Adaptive Leadership – THE Global Imperative

Dear Colleagues, 

I’ve been thinking about leadership in the creative sector and considering how we navigate our ever-changing world. I’ve long been a champion of innovation, ingenuity, and ideas that spark creativity. Whether you’re exploring how to build a tune from a few notes, constructing a building emanating from a community need, or writing a book, success hinges on having effective, and at times inventive, strategies to achieve your goals, right? But how do you develop these strategies? By overcoming obstacles and adapting to challenging and complex environments, right? Yep! But that’s easier said than done.  

This brings us to my essential question: How do leaders adapt as conditions threaten to reshape our environments? Do we hold on to preexisting world views on leadership, or is it necessary to review, reconsider, and re-evaluate our environments to develop effective strategies for success?

And if so, what tools, strategies, and practices do leaders need to overcome obstacles, accomplish meaningful change, and adapt to challenging and complex settings? How do leaders thrive in ever-evolving, multicultural, multigenerational, multidimensional environments? And what leadership qualities must we leverage as we consider organizational change?

For starters, I think having a strong moral compass in place is important. Ethics and integrity are essential leadership qualities and can set the tone for modeling behavior for colleagues, partners, and communities. Next, we must acknowledge and understand the strengths, weaknesses, opportunities, and threats facing our business. Adaptive leaders are mindful of their environments and the conditions shaping them. Lastly, while our work may elicit strong emotional responses, it’s crucial to develop an ability to manage our own emotions while also understanding the emotions of people around us. Being self-aware and leveraging skills like empathy, patience, and understanding allows leaders to consider how interpersonal reactions may affect outcomes while practicing equity. People must trust us.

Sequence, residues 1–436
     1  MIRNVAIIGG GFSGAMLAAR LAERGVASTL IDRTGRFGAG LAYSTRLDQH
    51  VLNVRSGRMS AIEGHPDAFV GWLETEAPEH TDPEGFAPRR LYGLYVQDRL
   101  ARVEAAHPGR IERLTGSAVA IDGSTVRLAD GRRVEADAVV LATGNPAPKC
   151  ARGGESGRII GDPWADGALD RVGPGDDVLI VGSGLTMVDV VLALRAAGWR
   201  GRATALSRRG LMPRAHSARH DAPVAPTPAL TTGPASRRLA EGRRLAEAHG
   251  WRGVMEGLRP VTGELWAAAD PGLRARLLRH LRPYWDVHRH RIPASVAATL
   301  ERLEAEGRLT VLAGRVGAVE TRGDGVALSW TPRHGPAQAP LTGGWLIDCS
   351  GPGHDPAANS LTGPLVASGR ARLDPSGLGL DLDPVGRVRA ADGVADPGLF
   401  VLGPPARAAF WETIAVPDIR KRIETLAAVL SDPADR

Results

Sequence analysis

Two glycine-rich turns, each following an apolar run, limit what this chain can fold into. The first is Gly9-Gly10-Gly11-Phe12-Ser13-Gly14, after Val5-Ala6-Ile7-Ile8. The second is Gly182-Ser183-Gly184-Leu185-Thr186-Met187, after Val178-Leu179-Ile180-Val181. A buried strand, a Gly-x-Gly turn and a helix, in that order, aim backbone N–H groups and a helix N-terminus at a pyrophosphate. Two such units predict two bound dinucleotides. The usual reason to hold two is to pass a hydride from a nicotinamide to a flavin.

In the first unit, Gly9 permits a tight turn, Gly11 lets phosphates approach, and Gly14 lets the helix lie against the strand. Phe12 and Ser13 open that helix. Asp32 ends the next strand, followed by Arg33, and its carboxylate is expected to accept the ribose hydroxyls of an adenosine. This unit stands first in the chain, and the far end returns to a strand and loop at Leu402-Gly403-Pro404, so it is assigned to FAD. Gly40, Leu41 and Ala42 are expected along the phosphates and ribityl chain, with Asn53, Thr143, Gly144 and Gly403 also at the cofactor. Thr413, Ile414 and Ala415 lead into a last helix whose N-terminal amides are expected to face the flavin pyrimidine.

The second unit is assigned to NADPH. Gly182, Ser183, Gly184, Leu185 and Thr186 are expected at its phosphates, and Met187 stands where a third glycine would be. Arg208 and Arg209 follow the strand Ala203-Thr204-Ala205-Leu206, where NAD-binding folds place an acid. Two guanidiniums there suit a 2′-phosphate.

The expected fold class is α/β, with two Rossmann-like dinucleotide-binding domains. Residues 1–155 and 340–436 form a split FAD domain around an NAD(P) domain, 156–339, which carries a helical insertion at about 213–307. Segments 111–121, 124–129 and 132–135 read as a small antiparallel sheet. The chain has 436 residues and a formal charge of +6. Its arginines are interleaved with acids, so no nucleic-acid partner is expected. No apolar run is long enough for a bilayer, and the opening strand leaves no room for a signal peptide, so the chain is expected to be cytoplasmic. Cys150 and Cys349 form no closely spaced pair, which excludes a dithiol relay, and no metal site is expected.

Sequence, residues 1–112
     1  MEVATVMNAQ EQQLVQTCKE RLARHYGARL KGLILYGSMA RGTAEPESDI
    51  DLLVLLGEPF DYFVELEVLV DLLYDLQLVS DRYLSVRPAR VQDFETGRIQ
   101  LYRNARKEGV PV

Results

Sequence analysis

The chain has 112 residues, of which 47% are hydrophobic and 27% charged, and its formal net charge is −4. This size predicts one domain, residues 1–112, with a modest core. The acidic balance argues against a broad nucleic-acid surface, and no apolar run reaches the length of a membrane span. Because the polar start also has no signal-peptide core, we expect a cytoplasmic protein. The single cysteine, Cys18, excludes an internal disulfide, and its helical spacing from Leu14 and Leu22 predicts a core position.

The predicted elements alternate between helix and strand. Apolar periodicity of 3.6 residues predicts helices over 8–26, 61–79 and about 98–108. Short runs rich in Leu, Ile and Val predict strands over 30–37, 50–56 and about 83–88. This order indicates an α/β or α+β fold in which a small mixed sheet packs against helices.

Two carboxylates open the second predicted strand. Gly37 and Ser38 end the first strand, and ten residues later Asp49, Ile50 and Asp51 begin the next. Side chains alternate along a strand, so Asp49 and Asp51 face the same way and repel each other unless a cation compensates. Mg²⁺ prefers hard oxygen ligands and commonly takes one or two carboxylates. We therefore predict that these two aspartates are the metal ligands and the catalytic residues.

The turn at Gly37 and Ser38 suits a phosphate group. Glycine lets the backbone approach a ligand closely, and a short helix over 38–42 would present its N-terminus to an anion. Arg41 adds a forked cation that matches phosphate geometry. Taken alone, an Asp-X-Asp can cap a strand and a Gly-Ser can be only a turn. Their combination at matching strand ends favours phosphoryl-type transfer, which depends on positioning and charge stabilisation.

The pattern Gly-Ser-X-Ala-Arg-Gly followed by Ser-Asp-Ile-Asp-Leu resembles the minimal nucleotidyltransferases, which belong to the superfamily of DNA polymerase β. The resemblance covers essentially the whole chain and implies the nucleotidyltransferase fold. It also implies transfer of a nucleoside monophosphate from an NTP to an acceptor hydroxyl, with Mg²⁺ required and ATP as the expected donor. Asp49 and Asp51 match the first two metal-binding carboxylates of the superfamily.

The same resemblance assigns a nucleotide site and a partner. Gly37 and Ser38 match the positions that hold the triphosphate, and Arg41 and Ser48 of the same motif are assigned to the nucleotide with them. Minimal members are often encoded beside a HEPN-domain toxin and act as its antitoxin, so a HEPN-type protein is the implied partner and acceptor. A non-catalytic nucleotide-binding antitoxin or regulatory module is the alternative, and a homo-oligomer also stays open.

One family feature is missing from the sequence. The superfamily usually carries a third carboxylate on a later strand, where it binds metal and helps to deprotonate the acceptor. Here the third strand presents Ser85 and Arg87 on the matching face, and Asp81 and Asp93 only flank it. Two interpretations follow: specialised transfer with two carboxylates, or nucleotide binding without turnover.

Here’s what I mean:

I recently spoke with my 98-year-old dad, an engineer and former manager of international business operations for a large multinational corporation in the ’60s. I asked if it was important for him to develop the tenets of adaptive leadership in his long career, and if so, what he learned from this practice. He emphatically said that adaptive leadership was critical, recalling one situation where his company ventured to establish a manufacturing plant in an island nation best known for its tourism. After assessing the situation, he shared his research with the company and told them he did not believe the recommended locale was suitable for the type of manufacturing operation the company envisioned. Dad learned that the workers were unfamiliar with manufacturing operations, earned better wages in the tourism and hospitality industries, and had more family-friendly, flexible schedules than the manufacturing plants proposed. Nonetheless, the company established a manufacturing plant, and despite the investment of time and resources, the community did not embrace the operation at any level. Riddled with challenges, the manufacturing plant closed within a year. This company failed at cultural competence and trust. They relied on weak research and an unwillingness to listen to a mid-career African American leader who understood the environment. Both his and the island community’s trust were diminished from the onset, and the results were less than favorable for everyone. Despite Dad’s vision, corporate leadership refused to adapt, and it cost them.